Health is holistic.
It’s likely you’ve been thinking about your health and wellness a lot more lately. It’s not just because you just scrolled passed your dream physique on some IG fitness account or saw an ad on the subway about the latest diet craze (now with door to door delivery!). While those are contributing factors, it’s also because of an increasing prevalence of health and wellness being integrated throughout all lines of business. Health has become holistic.
According to a case study published by JWT Intelligence, more and more tech companies are attempting to integrate mindfulness and fitness into everything they create.
“The more we learn about health, the more it seems that health includes everything…If the 1980s was the decade that saw fitness and gym culture emerge into the mainstream, the 2010s have been about extending health and wellness into every aspect of our lives—and also every sector of the economy.”
As our smartphones continue to optimize aspects of our lives, new companies are emerging by creating applications and hardware that address the most important part of our lives – our health. Below are three companies that are addressing real health concerns using emerging technology and innovative modes of delivery.
Care/of, a startup selling vitamins and herbal supplements online, is currently valued at $156 million; that’s within striking distance of publicly traded retail chains that are among the industry’s leaders. Care/of’s value on the market isn’t far from Vitamin Shoppe with a market capitalization of about $203.5 million (and 3,860 employees), or GNC Holdings Inc., which has a market value of $254.2 million with 6,400 employees. Care/of has far fewer employees (just 100 as of August 2018).
The New York-based startup sells monthly subscriptions of vitamin packs on its website and advertises through Facebook and Instagram, following the playbook of direct-to-consumer brands in other industries like Casper mattresses and Warby Parker eyeglasses.
More than 1.5 million people have taken Care/of’s quiz, which spits out a custom set of vitamin recommendations based on consumers’ age, gender, health goals and level of skepticism about traditional medicines. This also reflects the brand’s modern thinking toward customer acquisition by building interactive, digital tools that output personalized results. The company’s vision is to build a well-rounded wellness company that sells a variety of products based on users’ personalized needs. Care/of already integrates seamlessly with Apple Inc.’s health app, among others.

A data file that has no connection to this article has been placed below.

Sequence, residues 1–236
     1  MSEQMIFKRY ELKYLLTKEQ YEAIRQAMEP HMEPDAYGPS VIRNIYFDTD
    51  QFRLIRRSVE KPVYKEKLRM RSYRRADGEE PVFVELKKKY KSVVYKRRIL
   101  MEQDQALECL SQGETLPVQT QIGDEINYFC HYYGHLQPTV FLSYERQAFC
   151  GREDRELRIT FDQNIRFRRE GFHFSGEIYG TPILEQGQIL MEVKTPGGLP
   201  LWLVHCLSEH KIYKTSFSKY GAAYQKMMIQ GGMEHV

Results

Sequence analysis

Capsule, in theory, is simple – once a doctor prescribes the medication, the patient will get a text from Capsule enabling them to schedule delivery. The company promises to deliver the medication to anyone in New York City within a few hours of being prescribed. The platform also – and this is big – lets patients transfer their refills from their old pharmacies to Capsule. Doctors can also e-prescribe to Capsule directly, bypassing any manual entry from the user.
People want their medicine the day it’s prescribed, and Capsule provides that. But according to Capsule’s CEO, Capsule’s model speaks to a much larger trend in healthcare:
“Our holistic pharmacy model meets the demands of the modern consumer. Traditionally, online retail companies have used their technology to eliminate human interaction, but at Capsule, we’ve built our platform to amplify the power of human interaction in your healthcare.”
While Care/Of eliminates the need for a nutritionist or a visit to CVS, Capsule claims to encourage human-to-human interaction, and make them better.
Although more niche, men’s health products and medication company Hims recently landed $50 million in funding. This startup allows men to get prescriptions for hair loss and erectile dysfunction through its online platform. Hims, another direct-to-consumer organization to join the crop, is selling prescription drugs to men through the internet. Sounds crazy, right? But Hims is taking advantage of the rising popularity of telemedicine, providing men the option of getting a prescription after a quick online consultation with a doctor. The meds are provided by a network of pharmacies, then mailed out in clean, discreet boxes to avoid the embarrassment or shame that can come with personal health concerns. Hims hopes to build a brand that serves men with many different health concerns, from erectile dysfunction to acne.
Conclusion & Application
The integration of holistic health and wellness into everything is becoming normalized. Direct to consumer brands are swarming the market to make health consciousness more than trendy for consumers; but increasingly more convenient. The days of waiting at the pharmacy for meds, risking an embarrassing exchange for medication for something personal, or paying inflated prices for vitamins are over. Now companies are emerging to fill an opportunity gap of consumers who want to take their health and wellness more seriously, while pushing the healthcare industry forward.